“I’ve obviously been a fan of the show from the beginning,” Nayfack says, “but I was on the outside, being like, ‘Hey, I’m over here in New York whenever you need me.’ And I started Musical Theater Factory around the same time that TRANSPARENT began. At that time, I felt like there was no room in the world for me as an actress, so I should just focus on directing and producing, which I also love doing, and writing. And this show and these creators cracked that open, making room for me to imagine myself as an actress, and then I was on this show, DIFFICULT PEOPLE, on Hulu for a couple of years, but running this musical theatre company in New York at the same time. And I originally connected with Faith because I was singing at a benefit for the Gender Family Project, which is an organization that does service work for families with gender nonconforming and trans kids, and they were honoring the Soloways. We met, and you [Faith Soloway] were like, ‘I’m thinking of making TRANSPARENT a musical.’ And I was like, ‘I’ve heard that before, because everyone in New York is thinking about making something a musical.’ But then a year later, it really was a year, [Faith Soloway] reached out to me and [said], ‘Oh, I think we’re going to do some of the songs at Joe’s Pub. Do you want to come?’ I said, ‘Yes.’ And then we met at that first rehearsal, but the decision to do that weeklong workshop at Musical Theater Factory was really a game changer, I think, for figuring out how this story and this family could coalesce around the death of one of their matriarchs, and how we could chart a healing journey for all of these characters that, really, the world has fallen in love with over the past few years. We had some very sacred time there. The improvisation, the community of it was definitely part of the engine of the creation, but also, it was the first time that the cast had been together since the great rupture of 2017. And so it was crazy, because I’m new to the family, and was welcoming everyone into my home, while they were welcoming me into their family. So it was really special, a really pivotal moment.”
Nayfack continues, “Also, can I add, as the outsider coming into this family that had experienced this grief, even before we decided that Maura was going to die in the first minutes of the film, the grief in the ensemble of the community was palpable, but so was the decision to, as Jill said, move toward joy. And I think everyone in every position on the project had an agreement that we spoke aloud, often, frequently, before every day of shooting, that this show has literally changed and saved lives. And there’s so much magic and opportunity that’s been created by this show the last couple years that if we were to let it go down because of an unfortunate event, we’d be taking that away from everybody, especially the trans folk who need this representation, who need these jobs. And so the commitment to keep going and push through the fire and create something truly celebratory was shared and was there from the beginning.”
ASSIGNMENT X: Who are you playing in TRANSPARENT: THE MUSICALE FINALE?
SHAKINA NAYFACK: I’m playing a character named Ava. She’s a new character in the show, and she arrives into the Pfefferman family’s lives and helps them through their grief. I don’t want to give too much away, but I come into the family through befriending Ali Pfefferman [played by Gaby Hoffman], and then audition for Shelly’s play.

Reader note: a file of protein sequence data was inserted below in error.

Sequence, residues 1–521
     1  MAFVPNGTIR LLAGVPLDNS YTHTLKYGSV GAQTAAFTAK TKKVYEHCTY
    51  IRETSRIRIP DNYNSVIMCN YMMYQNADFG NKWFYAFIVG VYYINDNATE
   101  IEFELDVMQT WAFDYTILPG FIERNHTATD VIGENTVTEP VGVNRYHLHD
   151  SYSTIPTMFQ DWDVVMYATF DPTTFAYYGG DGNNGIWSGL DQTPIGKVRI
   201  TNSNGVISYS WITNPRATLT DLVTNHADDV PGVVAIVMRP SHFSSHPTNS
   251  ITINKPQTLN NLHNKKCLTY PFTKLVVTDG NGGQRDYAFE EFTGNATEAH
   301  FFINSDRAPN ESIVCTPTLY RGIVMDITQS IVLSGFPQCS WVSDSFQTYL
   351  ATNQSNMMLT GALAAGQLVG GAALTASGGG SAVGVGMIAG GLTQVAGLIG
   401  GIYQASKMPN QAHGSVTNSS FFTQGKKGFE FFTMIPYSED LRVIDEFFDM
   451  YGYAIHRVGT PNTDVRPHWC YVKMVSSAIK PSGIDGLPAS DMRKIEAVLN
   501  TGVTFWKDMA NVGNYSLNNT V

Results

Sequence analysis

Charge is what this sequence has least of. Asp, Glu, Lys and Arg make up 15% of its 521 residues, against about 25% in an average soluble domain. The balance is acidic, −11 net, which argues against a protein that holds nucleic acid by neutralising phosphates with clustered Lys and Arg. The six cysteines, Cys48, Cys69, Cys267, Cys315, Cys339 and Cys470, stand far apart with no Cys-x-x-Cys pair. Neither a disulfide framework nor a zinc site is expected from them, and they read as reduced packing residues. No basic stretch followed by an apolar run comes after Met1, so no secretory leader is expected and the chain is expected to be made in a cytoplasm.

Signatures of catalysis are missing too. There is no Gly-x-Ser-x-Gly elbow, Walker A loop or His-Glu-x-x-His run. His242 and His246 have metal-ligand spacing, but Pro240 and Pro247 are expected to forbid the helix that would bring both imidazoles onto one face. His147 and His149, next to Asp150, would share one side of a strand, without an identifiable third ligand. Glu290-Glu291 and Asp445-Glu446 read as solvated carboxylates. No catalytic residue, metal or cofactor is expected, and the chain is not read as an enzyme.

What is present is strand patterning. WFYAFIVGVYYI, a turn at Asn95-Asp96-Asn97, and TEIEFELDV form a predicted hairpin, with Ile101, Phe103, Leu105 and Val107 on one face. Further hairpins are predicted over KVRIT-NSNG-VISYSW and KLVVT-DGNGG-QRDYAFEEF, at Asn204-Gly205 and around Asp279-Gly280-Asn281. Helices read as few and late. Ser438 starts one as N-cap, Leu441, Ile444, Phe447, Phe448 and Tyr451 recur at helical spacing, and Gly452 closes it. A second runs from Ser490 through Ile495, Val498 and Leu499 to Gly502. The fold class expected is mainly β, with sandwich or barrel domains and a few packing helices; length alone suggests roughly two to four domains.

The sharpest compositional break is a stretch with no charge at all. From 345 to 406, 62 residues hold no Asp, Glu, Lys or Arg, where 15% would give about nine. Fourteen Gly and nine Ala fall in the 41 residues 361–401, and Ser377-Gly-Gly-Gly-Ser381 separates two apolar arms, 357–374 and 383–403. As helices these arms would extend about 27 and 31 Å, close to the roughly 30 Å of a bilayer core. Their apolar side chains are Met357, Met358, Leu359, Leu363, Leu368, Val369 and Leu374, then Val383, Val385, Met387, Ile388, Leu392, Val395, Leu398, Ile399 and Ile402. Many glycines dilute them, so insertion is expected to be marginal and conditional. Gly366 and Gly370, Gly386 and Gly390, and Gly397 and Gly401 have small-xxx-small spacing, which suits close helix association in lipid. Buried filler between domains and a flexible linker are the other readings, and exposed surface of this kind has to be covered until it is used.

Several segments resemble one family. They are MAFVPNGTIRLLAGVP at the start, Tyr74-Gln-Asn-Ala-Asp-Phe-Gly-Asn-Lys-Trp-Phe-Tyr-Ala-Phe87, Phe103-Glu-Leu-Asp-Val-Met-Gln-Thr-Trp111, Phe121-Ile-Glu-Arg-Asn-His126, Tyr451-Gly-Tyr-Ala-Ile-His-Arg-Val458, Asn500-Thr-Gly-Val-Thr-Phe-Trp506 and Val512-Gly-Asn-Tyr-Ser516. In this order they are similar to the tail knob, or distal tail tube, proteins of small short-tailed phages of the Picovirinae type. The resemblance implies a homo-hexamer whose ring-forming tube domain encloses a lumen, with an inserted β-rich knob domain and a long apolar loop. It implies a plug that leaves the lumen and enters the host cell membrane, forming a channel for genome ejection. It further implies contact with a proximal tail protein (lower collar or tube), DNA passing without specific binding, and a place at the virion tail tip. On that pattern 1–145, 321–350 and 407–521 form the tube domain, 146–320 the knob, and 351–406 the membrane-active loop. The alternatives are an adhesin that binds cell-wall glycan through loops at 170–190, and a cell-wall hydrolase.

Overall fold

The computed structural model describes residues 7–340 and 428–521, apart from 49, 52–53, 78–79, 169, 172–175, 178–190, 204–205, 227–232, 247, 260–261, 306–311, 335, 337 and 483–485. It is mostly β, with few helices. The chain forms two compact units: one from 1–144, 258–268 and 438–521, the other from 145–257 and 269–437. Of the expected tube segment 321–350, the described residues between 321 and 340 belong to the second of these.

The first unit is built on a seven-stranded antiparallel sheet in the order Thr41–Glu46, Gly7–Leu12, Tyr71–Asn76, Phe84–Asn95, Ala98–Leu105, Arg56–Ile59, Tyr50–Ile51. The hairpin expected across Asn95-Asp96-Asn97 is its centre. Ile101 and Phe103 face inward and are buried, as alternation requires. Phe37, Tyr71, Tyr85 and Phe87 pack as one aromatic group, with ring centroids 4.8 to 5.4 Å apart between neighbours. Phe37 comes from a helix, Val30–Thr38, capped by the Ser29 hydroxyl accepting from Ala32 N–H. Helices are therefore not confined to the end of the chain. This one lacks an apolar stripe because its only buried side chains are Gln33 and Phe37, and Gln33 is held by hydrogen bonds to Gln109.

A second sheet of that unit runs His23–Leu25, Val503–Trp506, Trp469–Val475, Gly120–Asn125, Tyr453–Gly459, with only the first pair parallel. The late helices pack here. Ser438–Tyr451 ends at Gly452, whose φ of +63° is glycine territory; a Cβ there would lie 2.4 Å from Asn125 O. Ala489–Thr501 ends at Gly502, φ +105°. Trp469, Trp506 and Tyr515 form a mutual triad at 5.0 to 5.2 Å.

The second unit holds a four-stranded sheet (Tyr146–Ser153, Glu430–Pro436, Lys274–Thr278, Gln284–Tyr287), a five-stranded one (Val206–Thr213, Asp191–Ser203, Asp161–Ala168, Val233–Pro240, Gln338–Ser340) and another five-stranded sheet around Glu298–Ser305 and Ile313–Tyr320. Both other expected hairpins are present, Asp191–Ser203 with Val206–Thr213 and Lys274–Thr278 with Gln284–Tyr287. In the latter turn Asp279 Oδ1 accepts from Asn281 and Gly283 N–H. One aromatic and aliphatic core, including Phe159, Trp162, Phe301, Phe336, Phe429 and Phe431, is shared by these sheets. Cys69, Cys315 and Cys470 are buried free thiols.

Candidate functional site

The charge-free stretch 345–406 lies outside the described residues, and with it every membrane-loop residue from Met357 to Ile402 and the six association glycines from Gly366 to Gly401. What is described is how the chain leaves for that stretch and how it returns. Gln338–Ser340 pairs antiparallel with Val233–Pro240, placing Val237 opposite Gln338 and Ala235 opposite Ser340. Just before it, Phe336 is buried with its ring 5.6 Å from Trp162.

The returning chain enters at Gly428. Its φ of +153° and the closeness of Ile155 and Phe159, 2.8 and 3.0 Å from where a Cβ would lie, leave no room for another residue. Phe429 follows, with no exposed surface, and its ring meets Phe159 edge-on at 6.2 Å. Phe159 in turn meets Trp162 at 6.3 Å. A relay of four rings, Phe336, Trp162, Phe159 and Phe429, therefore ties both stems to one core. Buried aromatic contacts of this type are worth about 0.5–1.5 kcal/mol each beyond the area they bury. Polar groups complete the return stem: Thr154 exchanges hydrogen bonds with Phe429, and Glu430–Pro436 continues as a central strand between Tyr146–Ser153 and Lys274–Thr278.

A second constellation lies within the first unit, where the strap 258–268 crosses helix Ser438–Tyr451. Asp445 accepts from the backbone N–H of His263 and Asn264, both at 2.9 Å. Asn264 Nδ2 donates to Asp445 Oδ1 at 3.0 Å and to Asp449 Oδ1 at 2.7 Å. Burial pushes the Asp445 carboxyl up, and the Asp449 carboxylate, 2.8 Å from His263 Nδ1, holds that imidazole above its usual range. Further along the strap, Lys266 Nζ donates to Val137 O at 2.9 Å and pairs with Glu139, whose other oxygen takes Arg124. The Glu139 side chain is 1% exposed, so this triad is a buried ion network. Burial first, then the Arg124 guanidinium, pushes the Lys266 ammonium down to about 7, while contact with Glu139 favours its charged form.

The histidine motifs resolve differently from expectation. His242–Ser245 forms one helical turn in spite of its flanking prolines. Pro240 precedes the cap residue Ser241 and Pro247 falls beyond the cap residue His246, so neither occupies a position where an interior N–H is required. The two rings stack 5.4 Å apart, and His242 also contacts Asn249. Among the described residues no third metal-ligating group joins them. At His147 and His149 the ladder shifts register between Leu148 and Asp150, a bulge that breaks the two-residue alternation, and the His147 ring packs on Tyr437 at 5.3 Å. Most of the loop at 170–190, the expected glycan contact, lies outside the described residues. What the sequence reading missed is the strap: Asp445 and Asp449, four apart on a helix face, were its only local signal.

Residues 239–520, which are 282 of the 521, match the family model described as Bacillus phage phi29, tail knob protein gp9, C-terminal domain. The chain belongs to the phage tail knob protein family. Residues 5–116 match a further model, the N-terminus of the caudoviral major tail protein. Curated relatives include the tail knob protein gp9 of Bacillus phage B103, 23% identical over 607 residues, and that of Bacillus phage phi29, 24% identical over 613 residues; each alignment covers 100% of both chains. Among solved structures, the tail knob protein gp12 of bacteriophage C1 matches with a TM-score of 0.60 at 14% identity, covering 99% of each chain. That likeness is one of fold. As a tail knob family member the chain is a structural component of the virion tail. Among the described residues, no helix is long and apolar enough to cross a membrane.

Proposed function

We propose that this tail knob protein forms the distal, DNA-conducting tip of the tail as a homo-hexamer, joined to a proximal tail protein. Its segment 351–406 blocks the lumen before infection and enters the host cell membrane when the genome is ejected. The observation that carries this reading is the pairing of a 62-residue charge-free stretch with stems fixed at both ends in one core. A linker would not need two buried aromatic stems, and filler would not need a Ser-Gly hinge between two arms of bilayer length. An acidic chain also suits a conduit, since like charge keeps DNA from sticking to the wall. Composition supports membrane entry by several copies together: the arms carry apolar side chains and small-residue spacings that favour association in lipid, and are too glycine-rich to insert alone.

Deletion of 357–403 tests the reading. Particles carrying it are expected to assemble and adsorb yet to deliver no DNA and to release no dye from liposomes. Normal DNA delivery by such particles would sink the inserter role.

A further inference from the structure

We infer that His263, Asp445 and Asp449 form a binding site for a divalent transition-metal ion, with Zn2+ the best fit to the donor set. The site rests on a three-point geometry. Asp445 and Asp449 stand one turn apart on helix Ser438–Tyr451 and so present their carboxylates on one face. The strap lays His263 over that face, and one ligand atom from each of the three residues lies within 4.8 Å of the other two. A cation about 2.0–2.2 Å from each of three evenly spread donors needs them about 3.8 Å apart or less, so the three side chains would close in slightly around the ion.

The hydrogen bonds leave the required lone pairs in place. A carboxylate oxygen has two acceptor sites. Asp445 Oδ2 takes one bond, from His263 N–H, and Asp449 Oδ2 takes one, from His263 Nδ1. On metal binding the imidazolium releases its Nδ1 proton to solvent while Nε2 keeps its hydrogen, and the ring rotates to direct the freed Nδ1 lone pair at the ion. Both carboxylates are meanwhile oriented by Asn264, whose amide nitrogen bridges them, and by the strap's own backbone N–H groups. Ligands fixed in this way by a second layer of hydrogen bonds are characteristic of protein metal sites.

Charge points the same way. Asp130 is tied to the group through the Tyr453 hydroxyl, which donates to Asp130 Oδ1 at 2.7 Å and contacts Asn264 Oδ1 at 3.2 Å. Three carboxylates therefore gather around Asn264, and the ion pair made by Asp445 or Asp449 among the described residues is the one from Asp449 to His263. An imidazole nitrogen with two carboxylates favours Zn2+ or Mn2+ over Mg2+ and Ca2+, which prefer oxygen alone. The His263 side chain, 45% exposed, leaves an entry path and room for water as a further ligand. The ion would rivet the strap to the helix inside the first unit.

AX: Are you getting to preview any of this at your MTF theatre?
NAYFACK: I hope that we’ll find something to do with Musical Theater Factory, and Amazon, when we get back in New York, but we don’t have plans yet, but I’m sure we’ll do something. We definitely take a lot of pride in having helped be part of the process.
AX: At the MTF, do you do material that’s specific to the transgender community, or is it all sorts of things?
NAYFACK: It’s all sorts of things. Our biggest show [has been] Michael R. Jackson’s A STRANGE LOOP, which has been playing at Playwrights Horizons all summer. And then I created my solo show, MANIFEST P*SSY, which is my autobiographical rock odyssey. I created that with a bunch of composers through Musical Theatre Factory. So we really focus on creating new musical theatre that centers on marginalized identities, so we’re telling stories through musical theatre that don’t often get space to be told in musical theatre.
AX: Do you feel like the cultural storytelling around being transgender has improved, that trans people are being depicted more holistically, and not just as either tragic or impossibly daffy?
NAYFACK: Yeah. I think there are still tropes to be overcome, but I think we’re seeing a moment where people are ready for more complexity in trans characters. So we’re seeing trans characters with flaws, we’re seeing trans characters who, their entire plotline isn’t just about their trans-ness, it just happens to be part of who they are while they go through other life challenges. That’s really exciting.
AX: It’s sort of like, they went to Yale, and that’s how they got the job they have now, but the story is not about going to Yale.
NAYFACK: [laughs] Yeah, exactly.
AX: And what would you most like people to know about the TRANSPARENT MUSICALE FINALE?
NAYFACK: I think something that is fun to know is that there are tons of Easter eggs for the diehard TRANSPARENT fans. You’re going to see so many people that you love from past seasons showing up. And then there are some great surprises from Ava, too, my character.
This interview was conducted during Amazon’s portion of the Summer 2019 Television Critics Association (TCA) press tour.
Article Source: Assignment X
Article: Exclusive Interview with Shakina Nayfack on the TRANSPARENT MUSICALE FINALE